"Woolly Milkweed can be thought of as a “sister” to California Milkweed. Just like its “sister” it grows from 1 - 2 feet tall and has woolly foliage of a silvery-green color. It is among the earliest milkweeds to break dormancy in California and blooms from April - May. Seed pods mature in July and August with plants returning to dormancy by late August. This milkweed can be found growing in the foothills east of the California Central Valley." — Bobby Gendron
- Latin name: Asclepias vestita
- Quantity of seeds per packet: 25
- Monarch butterfly host plant
- Cream and yellow flowers
- Hardy perennial
- 12" - 24" tall
- Blooms from April until May
- Cold hardy in USDA zones 3 - 11
Growing Instructions: Start Woolly Milkweed seeds outdoors in late November. Pick a location with full sun and prepare soil for good drainage, if needed. Plant seeds 1/8" deep and 18” apart, using 3 seeds per hole. Water once, and then allow the winter rain and/or snow to provide moisture until the spring. The seeds will germinate 10 - 20 days after the danger of nighttime freezing has past. Once the seedlings reach 1", thin out so you have individual plants spaced 18” apart. Water regularly allowing the soil to go nearly dry between each watering. Fertilize monthly in the summer with a general purpose fertilizer. If you prefer to plant the seeds outdoors in the spring, read our detailed instructions on cold moist stratification.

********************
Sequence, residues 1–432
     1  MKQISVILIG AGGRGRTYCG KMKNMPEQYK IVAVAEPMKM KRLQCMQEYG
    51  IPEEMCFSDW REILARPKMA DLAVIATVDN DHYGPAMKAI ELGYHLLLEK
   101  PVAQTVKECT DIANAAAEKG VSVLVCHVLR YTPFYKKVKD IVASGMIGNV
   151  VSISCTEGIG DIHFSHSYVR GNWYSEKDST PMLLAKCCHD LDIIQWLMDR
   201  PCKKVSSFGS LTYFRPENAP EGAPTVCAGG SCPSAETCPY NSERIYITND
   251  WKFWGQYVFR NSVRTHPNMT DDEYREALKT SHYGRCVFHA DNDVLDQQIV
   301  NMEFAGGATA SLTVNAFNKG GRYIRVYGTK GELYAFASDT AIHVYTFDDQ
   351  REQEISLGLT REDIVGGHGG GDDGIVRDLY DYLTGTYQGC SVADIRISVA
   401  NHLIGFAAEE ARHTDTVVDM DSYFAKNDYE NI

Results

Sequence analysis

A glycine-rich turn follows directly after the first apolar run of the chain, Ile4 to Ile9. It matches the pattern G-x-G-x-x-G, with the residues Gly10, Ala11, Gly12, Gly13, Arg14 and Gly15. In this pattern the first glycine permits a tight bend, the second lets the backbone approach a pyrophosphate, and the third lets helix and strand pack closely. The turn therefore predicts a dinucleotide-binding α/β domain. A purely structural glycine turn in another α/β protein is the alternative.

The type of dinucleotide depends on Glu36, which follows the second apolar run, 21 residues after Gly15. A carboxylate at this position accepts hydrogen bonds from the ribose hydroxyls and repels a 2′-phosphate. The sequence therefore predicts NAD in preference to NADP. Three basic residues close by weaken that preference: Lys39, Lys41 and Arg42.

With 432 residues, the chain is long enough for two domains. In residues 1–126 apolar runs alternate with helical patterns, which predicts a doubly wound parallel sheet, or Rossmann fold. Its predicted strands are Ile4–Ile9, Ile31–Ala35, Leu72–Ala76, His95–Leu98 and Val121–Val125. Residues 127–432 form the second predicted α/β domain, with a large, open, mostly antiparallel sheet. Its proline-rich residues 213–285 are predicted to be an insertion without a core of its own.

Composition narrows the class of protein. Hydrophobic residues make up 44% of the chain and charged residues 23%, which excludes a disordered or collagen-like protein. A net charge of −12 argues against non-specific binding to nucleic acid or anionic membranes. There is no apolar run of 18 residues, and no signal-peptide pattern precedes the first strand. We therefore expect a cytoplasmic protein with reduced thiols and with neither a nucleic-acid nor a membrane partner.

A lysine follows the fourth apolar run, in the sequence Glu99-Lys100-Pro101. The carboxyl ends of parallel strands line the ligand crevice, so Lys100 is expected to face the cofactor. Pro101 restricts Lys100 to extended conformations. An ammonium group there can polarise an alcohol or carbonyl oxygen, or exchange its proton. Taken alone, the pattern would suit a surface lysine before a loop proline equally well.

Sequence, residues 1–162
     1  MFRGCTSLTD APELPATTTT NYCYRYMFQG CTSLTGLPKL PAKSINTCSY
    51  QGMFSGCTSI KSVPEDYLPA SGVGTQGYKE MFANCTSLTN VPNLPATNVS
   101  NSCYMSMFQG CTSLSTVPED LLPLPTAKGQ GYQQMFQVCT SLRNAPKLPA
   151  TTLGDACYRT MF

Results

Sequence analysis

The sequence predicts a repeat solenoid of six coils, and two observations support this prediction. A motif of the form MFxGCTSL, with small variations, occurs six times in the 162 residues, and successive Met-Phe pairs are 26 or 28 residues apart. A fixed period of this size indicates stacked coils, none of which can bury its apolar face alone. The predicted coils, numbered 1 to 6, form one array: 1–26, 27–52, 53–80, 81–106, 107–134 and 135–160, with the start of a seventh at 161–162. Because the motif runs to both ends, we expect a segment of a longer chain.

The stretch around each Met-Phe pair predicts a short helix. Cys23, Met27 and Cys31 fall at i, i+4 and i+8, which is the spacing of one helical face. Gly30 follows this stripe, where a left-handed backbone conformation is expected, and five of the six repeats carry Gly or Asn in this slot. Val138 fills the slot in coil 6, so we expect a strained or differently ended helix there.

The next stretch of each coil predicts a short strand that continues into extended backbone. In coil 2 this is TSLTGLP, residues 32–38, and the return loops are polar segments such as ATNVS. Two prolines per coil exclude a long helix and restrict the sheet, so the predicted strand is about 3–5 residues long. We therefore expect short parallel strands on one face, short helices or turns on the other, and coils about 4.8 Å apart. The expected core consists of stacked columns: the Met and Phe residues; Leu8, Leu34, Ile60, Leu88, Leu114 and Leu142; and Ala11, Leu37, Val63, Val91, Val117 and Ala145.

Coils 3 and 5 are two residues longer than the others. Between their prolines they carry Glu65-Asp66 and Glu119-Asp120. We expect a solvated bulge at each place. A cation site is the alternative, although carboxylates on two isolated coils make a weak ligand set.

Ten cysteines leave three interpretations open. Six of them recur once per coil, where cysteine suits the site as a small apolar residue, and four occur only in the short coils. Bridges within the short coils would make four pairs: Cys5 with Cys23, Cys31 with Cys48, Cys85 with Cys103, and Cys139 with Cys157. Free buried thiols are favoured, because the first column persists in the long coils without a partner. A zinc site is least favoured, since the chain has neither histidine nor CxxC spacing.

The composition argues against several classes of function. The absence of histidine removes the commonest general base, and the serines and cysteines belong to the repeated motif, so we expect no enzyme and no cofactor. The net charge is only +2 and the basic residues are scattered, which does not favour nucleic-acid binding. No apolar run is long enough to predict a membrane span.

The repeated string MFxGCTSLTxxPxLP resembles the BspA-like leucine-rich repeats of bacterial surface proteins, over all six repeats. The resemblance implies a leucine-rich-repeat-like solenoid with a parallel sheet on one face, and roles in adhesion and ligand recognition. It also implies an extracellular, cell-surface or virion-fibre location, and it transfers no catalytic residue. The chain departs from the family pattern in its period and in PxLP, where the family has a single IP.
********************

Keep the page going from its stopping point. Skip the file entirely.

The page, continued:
Woolly Milkweed Range Map:
Map ©: Kartesz, J.T. 2013. Floristic Synthesis of North America, Version 1.0. Biota of North America Program (BONAP).
Woolly Milkweed is native to the following state: California
Good germ, strong seed
Posted by Pat Mahon on 15th Nov 2019
Excellent success with this species, given that it is uncommon and not many are easy to germ.
We did 30 days cold moist stratification, in sand with purified water (never use tap water).
After stratification, we planted seeds and saw initial germ in 3 days. After 10 days, about 74% of the seed has risen, with an expected 80%+ to continue to germinate. Seedlings are strong, no sign of seed vigor issues. Counted only 3 seeds that either rotted or were not viable.
Excellent turnout on this species; great source!